Israeli PM Netanyahu calls for early general election
Israel's Prime Minister, Benjamin Netanyahu, has said he wants the country's general election to be held on 4 September, more than a year early.
Mr Netanyahu told the cabinet that his Likud party would propose the date to parliament, adding: "If God's willing, the voters will give us a mandate."
Some parties want to delay a decision.
Polls suggest Likud will win at least a quarter of the Knesset's 120 seats, putting Mr Netanyahu in a strong position to form a governing coalition.
His right-wing administration, Israel's most stable in years, had been scheduled to remain in power until October 2013.
On Sunday, Mr Netanyahu said in a speech to a Likud meeting that he would seek an early election in the autumn but did not disclose when.
"I believe we will get a renewed mandate from the citizens of Israel to continue to lead the country. With God's help, we will form as wide a government as possible," he said.
"I don't want there to be a year and a half of political instability accompanied by blackmail and populism," he added. "I would prefer a short electoral campaign of four months that will ensure political stability,"
Officials said the prime minister had not given a specific date during the speech because he wanted to consult with other parties in his coalition.
But on Monday morning Mr Netanyahu told a weekly cabinet meeting that Likud would submit a bill to parliament formally proposing 4 September.
"I intend to form as broad a government as possible in order to create stability and successfully lead the State of Israel against the great challenges we still face," he added.
The bill could face opposition from the ultra-nationalist Yisrael Beitenu party of Foreign Minister Avigdor Lieberman, as well as the centrist Kadima and Independent parties, when it comes before the Knesset.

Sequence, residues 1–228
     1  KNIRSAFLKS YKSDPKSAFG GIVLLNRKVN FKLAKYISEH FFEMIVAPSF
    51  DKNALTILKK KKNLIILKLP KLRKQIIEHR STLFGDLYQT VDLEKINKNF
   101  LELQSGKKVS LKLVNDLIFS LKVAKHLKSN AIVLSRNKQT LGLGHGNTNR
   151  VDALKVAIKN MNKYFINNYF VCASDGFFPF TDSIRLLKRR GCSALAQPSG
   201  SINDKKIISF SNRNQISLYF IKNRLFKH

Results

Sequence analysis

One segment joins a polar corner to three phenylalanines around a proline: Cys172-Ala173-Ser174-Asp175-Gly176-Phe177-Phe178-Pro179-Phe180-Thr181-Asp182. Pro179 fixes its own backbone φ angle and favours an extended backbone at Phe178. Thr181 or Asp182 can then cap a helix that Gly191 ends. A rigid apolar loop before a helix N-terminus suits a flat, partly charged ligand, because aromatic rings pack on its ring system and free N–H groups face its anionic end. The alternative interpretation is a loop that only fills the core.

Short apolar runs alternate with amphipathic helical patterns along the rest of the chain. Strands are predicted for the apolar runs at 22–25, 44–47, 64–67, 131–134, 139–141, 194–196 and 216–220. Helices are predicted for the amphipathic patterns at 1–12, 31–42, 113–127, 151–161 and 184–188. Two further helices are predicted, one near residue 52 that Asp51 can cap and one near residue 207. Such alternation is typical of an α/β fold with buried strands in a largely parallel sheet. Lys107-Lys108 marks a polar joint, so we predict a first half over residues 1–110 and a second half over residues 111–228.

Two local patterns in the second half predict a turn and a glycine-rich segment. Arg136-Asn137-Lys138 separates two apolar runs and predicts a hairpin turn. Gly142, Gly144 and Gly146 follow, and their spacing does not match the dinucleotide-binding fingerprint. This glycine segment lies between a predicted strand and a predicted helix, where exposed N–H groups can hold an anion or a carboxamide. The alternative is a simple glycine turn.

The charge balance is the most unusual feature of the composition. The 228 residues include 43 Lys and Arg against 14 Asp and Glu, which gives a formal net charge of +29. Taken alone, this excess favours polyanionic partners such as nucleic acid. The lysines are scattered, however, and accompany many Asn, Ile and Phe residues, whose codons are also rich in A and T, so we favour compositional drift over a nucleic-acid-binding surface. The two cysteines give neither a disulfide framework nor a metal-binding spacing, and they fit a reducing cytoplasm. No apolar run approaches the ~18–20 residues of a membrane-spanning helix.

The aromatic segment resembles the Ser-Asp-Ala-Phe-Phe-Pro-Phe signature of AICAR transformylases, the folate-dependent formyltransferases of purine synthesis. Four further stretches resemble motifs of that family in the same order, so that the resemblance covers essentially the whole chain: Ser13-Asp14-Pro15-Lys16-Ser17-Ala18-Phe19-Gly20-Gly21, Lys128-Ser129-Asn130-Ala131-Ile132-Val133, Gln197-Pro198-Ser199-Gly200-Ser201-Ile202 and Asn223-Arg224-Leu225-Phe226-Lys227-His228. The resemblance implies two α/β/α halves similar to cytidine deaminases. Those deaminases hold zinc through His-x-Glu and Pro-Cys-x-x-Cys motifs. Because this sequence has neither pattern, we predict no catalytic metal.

All three parties are said to want to delay dissolving parliament until a vote has been held on changes to the so-called Tal Law, which exempts of ultra-Orthodox Jewish seminary students from military conscription. It was declared unconstitutional by the Supreme Court in February.
"All parties must end the wheeling and dealing," Kadima said in a statement on Sunday. "We have here an historic opportunity. First we must fix the Tal Law, and then we can go to elections."
Secularists say the Tal Law is unfair, but small religious parties - which are crucial to Mr Netanyahu's coalition - want ultra-Orthodox youths to continue to be allowed to opt for religious study over military service.
The BBC's Wyre Davis in Jerusalem says the timing of Mr Netanyahu's announcement may also be a move to strengthen his own position if Barack Obama wins another term as US president later this year.
The two have disagreed on Israel's relations with the Palestinians, and many on the Israeli right are concerned that Mr Obama might pressure both sides to re-start talks, having failed to do so in his first term.